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The School of Edessa (Syriac: ܐܣܟܘܠܐ ܕܐܘܪܗܝ) was a Christian theological school of great importance to the Syriac-speaking world. It had been founded as long ago as the 2nd century by the kings of the Abgar dynasty. In 363, Nisibis fell to the Persians, causing St. Ephrem the Syrian, accompanied by a number of teachers, to leave the School of Nisibis. They went to Edessa, where Ephrem took over the directorship of its school. Then, its importance grew still further. There were innumerable monasteries at Edessa housing many monks. Ephrem occupied a cell there, practicing the ascetic life, interpreting Holy Scripture, composing poetry and hymns and teaching in the school, as well as instructing young girls in church music.
The first recorded director of the School of Edessa was Qiiore, in the early 5th century. He had ascetic and scholarly qualifications and an administrative ability. Occupying the Chair of Exegesis (mepasqana), he replaced the texts of Ephraim with those of Theodore of Mopsuestia. With that seminal decision, Qiiore embarked upon a course of study that was to mix the deductive principles of Aristotle with Theodore's Dyophysite creed.
In 489, after the Nestorian Schism, the Byzantine emperor Zeno, acting on the advice of Bishop Cyrus II of Edessa, ordered the school summarily closed for its teachings of Nestorian doctrine. Its scholars moved back to the School of Nisibis.
The following people are associated with the School of Edessa:
- Barhadbshabba Arbaya, historian of the school (c.600)
- Barsauma of Nisibis, student and teacher (fl. 489)
- Elishaʿ bar Quzbaye, student (early 5th century)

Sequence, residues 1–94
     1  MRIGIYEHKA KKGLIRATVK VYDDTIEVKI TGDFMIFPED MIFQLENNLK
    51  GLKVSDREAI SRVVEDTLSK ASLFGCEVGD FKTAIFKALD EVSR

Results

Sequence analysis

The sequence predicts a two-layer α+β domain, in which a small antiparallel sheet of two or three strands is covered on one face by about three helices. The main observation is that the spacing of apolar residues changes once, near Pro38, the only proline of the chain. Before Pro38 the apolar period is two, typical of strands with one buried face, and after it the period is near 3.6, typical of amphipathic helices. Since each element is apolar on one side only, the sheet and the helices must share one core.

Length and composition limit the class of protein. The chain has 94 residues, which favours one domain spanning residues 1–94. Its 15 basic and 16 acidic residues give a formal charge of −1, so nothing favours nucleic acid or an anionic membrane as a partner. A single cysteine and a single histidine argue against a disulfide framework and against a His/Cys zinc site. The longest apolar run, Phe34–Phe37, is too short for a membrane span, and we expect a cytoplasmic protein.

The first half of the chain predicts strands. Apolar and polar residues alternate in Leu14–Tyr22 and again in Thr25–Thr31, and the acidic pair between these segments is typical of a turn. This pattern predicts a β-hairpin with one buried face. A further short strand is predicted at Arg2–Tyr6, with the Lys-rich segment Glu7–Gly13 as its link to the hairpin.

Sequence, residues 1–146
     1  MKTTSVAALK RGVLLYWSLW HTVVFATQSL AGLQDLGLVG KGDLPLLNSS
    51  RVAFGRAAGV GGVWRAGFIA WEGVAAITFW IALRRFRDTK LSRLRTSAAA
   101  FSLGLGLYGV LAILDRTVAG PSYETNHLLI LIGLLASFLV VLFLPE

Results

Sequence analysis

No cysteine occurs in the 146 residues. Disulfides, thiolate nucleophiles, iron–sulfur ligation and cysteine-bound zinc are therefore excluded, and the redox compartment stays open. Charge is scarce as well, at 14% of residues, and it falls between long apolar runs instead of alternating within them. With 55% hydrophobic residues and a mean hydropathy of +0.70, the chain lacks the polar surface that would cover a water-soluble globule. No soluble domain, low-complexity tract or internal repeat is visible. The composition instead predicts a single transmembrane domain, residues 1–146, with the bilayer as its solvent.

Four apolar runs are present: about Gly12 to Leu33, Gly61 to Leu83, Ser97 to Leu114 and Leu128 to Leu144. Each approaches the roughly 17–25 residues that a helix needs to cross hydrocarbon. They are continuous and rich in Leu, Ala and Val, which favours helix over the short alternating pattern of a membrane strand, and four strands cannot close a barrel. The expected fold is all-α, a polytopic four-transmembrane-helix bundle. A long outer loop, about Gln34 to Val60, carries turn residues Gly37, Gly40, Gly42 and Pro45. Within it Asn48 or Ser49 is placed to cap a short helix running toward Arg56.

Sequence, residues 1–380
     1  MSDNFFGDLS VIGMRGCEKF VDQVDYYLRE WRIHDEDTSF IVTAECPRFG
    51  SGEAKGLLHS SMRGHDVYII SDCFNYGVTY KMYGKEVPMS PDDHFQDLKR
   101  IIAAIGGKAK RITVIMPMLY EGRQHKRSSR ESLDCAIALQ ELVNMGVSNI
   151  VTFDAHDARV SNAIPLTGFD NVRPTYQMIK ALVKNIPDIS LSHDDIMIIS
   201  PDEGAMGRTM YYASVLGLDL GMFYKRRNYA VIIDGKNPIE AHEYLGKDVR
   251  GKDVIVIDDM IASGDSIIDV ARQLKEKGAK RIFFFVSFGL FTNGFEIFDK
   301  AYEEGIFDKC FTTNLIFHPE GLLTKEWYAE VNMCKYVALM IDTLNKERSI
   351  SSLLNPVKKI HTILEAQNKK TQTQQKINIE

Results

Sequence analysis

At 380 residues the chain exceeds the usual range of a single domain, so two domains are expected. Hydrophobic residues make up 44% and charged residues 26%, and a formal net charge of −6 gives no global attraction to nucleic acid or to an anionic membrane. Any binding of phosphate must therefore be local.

- Ephrem the Syrian, teacher (360s)
- Ibas of Edessa, head (early 5th century)
- Jacob of Serugh, student (late 5th century)
- Narsai, student and head (fl. 471)
- "MONASTIC LIFE IN THE SYRIAN ORTHODOX CHURCH OF ANTIOCH". Archived from the original on 2011-07-28.
- The School of Edessa, Nestorian.org.
- Meyendorff 1989, p. 99, 194.
- Brock, Sebastian P. (2005). "The Theological Schools of Antioch, Edessa and Nisibis". Christianity: A History in the Middle East. Beirut: Middle East Council of Churches. pp. 143–160.
- Drijvers, Hendrik J. W. (1995). "The School of Edessa: Greek Learning and Local Culture". Centres of Learning: Learning and Location in Pre-Modern Europe and the Near East. Leiden: Brill. pp. 49–59.
- Griffith, Sidney H. (2002). "Christianity in Edessa and the Syriac-Speaking World: Mani, Bar Daysan, and Ephraem, the Struggle for Allegiance on the Aramean Frontier". Journal of the Canadian Society for Syriac Studies. 2: 5–20.
- Griffith, Sidney H. (2003). "The Doctrina Addai as a Paradigm of Christian Thought in Edessa in the Fifth Century" (PDF). Hugoye: Journal of Syriac Studies. 6 (2): 269–292.
- Hunter, Erica C. D. (2002). "The Transmission of Greek Philosophy via the School of Edessa". Literacy, Education and Manuscript Transmission in Byzantium and Beyond. Leiden: Brill. pp. 225–239.
- Meyendorff, John (1989). Imperial unity and Christian divisions: The Church 450–680 A.D. Crestwood, NY: St. Vladimir's Seminary Press.
- Reinink, Gerrit J. (1995). "Edessa Grew Dim and Nisibis Shone Forth: The School of Nisibis at the Transition of the Sixth-Seventh Century". Centres of Learning: Learning and Location in Pre-modern Europe and the Near East. Leiden: Brill. pp. 77–89.
- Seleznyov, Nikolai N. (2010). "Nestorius of Constantinople: Condemnation, Suppression, Veneration: With special reference to the role of his name in East-Syriac Christianity". Journal of Eastern Christian Studies. 62 (3–4): 165–190.